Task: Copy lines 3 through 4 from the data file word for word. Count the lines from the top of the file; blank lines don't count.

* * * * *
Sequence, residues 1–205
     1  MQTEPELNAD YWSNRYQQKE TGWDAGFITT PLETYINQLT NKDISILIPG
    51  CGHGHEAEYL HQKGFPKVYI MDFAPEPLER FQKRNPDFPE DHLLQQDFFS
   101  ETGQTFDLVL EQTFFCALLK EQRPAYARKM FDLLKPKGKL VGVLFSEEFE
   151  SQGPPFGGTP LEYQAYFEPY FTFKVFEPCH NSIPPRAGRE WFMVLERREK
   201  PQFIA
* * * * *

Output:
    51  CGHGHEAEYL HQKGFPKVYI MDFAPEPLER FQKRNPDFPE DHLLQQDFFS
   101  ETGQTFDLVL EQTFFCALLK EQRPAYARKM FDLLKPKGKL VGVLFSEEFE